The Christian Vote is Crucial in Nigeria’s Tight Presidential Election

An altar boy swings the thurible of incense during a morning service at the Saint Charles Catholic Church, the site of a 2014 bomb attack blamed on Islamic extremist group Boko Haram, in the predominantly-Christian neighborhood of Sabon Gari in Kano, northern Nigeria Sunday, Feb. 17, 2019. With the leading contenders both northern Muslims, Nigeria’s presidential contest has been largely free of the religious pressures that marked the 2015 vote, but the Christian vote is bound to be decisive in a race that could sweep the incumbent out of power. (AP Photo/Ben Curtis)

Ask worshippers at St. Charles Catholic Church what they want most from Nigeria’s presidential election, and the answer is peace.

“We don’t want any more bloodshed in Nigeria,” said Everistus Suburu, vice chairman of the church in the northern state of Kano. “We are tired of (Islamic extremist group) Boko Haram.”

The presidential campaign has been largely free of the religious pressures that marked the 2015 vote when Muhammadu Buhari, a Muslim northerner, defeated a Christian president from the south who had grown unpopular over his failure to control Boko Haram.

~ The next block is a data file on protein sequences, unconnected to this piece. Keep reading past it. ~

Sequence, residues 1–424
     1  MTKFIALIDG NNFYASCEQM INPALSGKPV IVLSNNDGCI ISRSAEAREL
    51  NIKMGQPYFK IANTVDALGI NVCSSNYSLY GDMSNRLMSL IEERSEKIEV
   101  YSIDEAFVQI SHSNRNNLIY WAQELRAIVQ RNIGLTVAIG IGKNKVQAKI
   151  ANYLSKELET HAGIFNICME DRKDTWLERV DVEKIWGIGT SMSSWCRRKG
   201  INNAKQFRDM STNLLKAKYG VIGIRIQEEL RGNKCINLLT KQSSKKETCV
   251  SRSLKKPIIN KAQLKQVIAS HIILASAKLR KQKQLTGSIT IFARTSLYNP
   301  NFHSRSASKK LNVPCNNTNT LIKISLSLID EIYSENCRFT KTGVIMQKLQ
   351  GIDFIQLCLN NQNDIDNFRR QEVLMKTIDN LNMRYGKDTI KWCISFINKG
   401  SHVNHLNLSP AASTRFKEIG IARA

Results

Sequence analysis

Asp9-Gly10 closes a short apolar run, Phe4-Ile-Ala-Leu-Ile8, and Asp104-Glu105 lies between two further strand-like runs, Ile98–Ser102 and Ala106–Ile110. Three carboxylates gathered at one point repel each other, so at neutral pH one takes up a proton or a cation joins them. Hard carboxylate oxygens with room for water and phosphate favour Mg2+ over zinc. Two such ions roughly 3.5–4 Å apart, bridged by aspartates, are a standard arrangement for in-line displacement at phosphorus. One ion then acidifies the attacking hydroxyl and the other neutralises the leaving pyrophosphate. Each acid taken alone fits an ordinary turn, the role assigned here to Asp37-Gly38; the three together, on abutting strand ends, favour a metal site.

Now, with the leading candidates both northern Muslims, the Christian vote may be decisive in sweeping the incumbent from power for the second time in as many elections in Africa’s most populous country.

Nigeria’s 190 million people are divided almost equally between Christians mainly in the south and Muslims, like Buhari and his opponent Atiku Abubakar, who dominate in the north.

Across northern Nigeria, where street scenes are rich with Islamic customs and mosques, people of different faiths have co-existed over the decades, even joining forces in recent years to fight Boko Haram, which opposes a secular Nigeria.

Yet religious tensions remain even in an election that offers no clear sectarian choice, underscoring the pervasive influence of faith in Nigerian politics.

It’s not certain which of the top two candidates Christian voters will support, or if they will vote as a bloc.

In a bit of last-minute drama, the electoral commission decided early Saturday, just hours before polls were to open, to postpone the election until Feb. 23. The commission’s chairman, Mahmood Yakubu, cited “very trying circumstances” in logistics for the balloting, including bad weather affecting flights and fires at three commission offices in an apparent attempt “to sabotage our preparations.”

The delay has deepened the sense of mistrust and frustration some northern Christians feel toward Buhari’s government.

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SOURCE: Crux Now, Rodney Muhumuza; The Associated Press